In her post on March 28th, Meghan Clark rightly brings up the “responsibility to protect” (R2P) in connection with UN Resolution 1973 concerning Libya. Since there appears to be a lack of familiarity with R2P in the U.S., I thought it appropriate to outline its contours. In 2007 I was invited to participate in a consultation on R2P at the Academy of Arnoldshain near Frankfurt, Germany, sponsored by the World Council of Churches (WCC) as part of its “Decade to Overcome Violence” program, which will culminate this May in an International Ecumenical Peace Convocation in Kingston, Jamaica. The March 2001 issue of the WCC’s journal, The Ecumenical Review, contains articles related to this topic (“Peace on Earth-Peace with Earth”), including one that I wrote on R2P. My brief comments here are culled from there. The phrase first appeared in a 2001 report by that title issued by the International Commission on Intervention and State Sovereignty, an initiative of the Canadian government to reflect on how to move beyond the moral and jurisprudential obstacles surrounding what was referred to as “humanitarian intervention” during the 1990s in countries such as Rwanda, Bosnia, and Kosovo. The United Nations subsequently studied this proposal, and at the 2005 World Summit, member states endorsed R2P. A report in January 2009 from UN Secretary-General Ban Ki-moon on “Implementing the Responsibility to Protect” led to further debate...

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Praying and “Framing”

Why is prayer, liturgy, and studying the Bible important?  One reason is that these activities shape the way in which we make decisions.  Some recent work on “framing” from behavioral economics, neuroscience, and psychology shed some light on how they do so.  Psychologist Amos Tversky and economist Daniel Kahneman were the first to establish the concept of “framing”:  people respond to situations differently depending upon how they interpret it.  Connecting this concept with research in neuroscience, Jonah Lehrer, author of How We Decide, states that [framing] helps explain why people are much more likely to buy meat when it’s labeled 85 percent lean instead of 15 percent fat.  And why twice as many patients opt for surgery when told there’s an 80 percent chance of their surviving instead of a 20 percent chance of their dying.  Dan Arliely, the behavior economist and author of Predictably Irrational, gives the example that high-priced entrées on the menu boost revenue for the restaurant—even if no one buys them.  Why?  Because even though people generally won’t buy the most expensive dish on the menu, they will order the second most expensive dish.  Thus, by creating an expensive dish, a restaurateur can lure customers into ordering the second most expensive choice (which can be cleverly engineered to deliver a higher profit margin). When my daughter flipped through the pages of her children’s picture Bible,...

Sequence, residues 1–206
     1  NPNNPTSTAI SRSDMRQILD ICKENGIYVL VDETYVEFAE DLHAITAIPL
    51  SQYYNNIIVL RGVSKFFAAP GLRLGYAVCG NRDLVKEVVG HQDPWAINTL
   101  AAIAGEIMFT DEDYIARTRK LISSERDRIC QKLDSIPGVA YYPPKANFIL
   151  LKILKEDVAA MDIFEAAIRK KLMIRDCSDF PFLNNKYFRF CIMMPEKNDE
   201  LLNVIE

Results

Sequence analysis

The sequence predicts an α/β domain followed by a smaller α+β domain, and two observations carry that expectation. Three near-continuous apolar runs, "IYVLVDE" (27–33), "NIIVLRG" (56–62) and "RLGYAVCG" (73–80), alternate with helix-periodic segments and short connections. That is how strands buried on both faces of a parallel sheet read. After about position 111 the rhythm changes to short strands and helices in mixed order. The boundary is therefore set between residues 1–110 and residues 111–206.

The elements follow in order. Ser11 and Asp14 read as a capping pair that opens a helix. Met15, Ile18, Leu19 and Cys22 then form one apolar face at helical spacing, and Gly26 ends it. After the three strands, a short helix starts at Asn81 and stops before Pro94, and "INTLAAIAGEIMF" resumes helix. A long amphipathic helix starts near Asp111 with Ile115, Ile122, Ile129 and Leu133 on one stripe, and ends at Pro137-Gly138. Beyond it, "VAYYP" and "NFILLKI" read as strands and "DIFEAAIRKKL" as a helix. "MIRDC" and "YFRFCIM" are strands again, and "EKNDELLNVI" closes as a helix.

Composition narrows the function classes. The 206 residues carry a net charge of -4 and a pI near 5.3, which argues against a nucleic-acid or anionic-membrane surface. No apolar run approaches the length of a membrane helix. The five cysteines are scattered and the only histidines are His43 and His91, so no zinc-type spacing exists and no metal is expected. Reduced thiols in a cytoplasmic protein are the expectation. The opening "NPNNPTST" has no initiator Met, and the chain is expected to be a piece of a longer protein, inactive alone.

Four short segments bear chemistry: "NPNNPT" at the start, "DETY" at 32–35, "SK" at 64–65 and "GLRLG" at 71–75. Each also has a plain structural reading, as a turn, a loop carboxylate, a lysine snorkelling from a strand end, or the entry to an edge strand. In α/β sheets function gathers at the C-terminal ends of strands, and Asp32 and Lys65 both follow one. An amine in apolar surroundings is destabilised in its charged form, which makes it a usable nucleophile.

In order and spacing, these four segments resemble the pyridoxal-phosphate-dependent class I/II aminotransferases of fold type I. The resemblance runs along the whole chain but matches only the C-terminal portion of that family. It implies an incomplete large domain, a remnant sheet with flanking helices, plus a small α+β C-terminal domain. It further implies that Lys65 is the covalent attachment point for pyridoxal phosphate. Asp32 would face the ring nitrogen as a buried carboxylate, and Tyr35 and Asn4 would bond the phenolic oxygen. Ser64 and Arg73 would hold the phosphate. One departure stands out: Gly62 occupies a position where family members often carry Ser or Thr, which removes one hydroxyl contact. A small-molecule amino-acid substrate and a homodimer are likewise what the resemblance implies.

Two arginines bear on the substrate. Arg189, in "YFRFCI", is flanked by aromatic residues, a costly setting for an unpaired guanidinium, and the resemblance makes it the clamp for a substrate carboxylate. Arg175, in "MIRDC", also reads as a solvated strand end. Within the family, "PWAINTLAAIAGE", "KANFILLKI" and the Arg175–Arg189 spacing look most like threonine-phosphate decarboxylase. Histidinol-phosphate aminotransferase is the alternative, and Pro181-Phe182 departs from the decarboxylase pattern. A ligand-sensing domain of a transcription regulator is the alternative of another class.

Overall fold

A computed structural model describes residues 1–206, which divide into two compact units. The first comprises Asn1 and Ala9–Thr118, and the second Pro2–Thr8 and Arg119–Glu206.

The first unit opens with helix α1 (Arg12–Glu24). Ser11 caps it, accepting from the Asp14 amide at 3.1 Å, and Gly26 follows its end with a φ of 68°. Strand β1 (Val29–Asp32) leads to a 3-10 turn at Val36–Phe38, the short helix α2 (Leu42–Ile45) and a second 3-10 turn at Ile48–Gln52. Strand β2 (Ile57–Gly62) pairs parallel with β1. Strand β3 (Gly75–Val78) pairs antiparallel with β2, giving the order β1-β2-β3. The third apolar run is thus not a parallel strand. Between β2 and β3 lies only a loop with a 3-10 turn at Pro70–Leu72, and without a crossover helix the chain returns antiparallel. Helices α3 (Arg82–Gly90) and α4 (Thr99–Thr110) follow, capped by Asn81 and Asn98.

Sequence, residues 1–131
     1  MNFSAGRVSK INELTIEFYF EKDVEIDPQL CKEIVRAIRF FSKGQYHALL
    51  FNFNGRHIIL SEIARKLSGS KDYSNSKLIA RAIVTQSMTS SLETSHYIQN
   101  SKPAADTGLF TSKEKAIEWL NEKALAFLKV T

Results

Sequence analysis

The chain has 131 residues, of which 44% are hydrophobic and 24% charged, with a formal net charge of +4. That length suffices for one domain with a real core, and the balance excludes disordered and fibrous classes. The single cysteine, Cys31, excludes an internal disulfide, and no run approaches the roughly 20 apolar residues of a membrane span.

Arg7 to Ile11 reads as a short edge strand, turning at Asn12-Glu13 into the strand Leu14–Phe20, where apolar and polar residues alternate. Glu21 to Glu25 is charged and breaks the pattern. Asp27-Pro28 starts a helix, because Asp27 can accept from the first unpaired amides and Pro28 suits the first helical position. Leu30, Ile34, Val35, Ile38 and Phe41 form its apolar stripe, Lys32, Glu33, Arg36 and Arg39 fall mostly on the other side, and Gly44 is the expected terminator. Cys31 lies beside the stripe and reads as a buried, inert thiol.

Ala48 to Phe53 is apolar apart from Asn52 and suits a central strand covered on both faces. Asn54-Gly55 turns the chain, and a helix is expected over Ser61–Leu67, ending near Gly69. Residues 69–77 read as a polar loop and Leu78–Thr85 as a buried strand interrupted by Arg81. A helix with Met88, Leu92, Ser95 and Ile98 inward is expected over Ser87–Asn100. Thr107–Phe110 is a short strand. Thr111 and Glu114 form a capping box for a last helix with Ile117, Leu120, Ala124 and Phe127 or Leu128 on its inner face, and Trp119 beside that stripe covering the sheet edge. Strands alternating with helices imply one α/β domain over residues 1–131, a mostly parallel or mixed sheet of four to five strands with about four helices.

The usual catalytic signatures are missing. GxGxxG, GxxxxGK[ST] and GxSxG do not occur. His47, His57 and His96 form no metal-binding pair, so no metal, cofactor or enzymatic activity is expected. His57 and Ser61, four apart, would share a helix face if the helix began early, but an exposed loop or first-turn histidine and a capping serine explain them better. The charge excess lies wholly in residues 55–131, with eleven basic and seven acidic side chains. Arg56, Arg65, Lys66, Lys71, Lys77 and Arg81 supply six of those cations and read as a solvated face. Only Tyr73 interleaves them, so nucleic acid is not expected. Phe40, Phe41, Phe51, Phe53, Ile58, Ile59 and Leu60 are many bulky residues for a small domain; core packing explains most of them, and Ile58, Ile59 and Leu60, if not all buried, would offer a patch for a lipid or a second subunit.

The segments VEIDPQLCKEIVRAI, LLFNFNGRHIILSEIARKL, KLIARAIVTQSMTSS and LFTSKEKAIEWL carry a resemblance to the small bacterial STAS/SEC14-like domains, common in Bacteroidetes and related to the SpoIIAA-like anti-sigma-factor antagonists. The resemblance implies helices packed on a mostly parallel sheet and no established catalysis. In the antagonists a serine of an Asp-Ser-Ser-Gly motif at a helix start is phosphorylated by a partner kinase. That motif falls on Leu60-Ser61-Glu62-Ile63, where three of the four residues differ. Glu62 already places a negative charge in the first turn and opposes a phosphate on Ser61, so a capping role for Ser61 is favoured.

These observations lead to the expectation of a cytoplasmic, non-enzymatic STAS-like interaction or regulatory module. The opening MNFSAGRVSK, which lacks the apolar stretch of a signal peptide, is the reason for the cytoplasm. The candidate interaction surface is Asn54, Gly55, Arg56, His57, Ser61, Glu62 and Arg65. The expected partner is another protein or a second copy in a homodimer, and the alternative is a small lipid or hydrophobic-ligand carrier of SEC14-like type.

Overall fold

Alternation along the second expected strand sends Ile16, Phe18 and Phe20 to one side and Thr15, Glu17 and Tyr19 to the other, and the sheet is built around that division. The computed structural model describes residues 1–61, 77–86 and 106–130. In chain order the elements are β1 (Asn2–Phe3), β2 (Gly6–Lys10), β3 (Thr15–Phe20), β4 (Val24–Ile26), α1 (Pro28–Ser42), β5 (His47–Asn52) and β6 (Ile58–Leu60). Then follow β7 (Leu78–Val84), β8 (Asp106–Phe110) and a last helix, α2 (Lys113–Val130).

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Rowan Williams on Listening and Speaking

That vision of Christ which thou dost see Is my vision’s greatest enemy –  William Blake One of the greatest joys of my time as a graduate student has been monthly gatherings at our professor’s home where each of us has taken turns leading a reflection/discussion on the vocation of being a theologian.  Last night our friend and colleague, Angela Carpenter, led us in reflecting upon two homilies by Rowan Williams, the Anglican archbishop of Canterbury.  The texts are here, and are both very short: Presence and Engagement and Different Christs-1? There is much worth pondering in these homilies, but I wanted to share two thoughts.  First, he reminds us that most people have struggled to come to terms with what they believe, and that when we criticize them for it or treat their beliefs as either trite or unenlightened that we are actually attacking not just their beliefs, but the whole body of Christ.  He reminds us that It’s my life you’re threatening, my sense and my judgment, my meaning, the way I painfully struggle to understand myself in the light of God and the gospel. Secondly, he admits that although we must interpret Christ and the Scriptures, and therefore we must form opinions and speak, that this is always to be rooted in listening (a very Benedictine insight I might add!): listening not only to what others...

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Ethics and Eating Disorders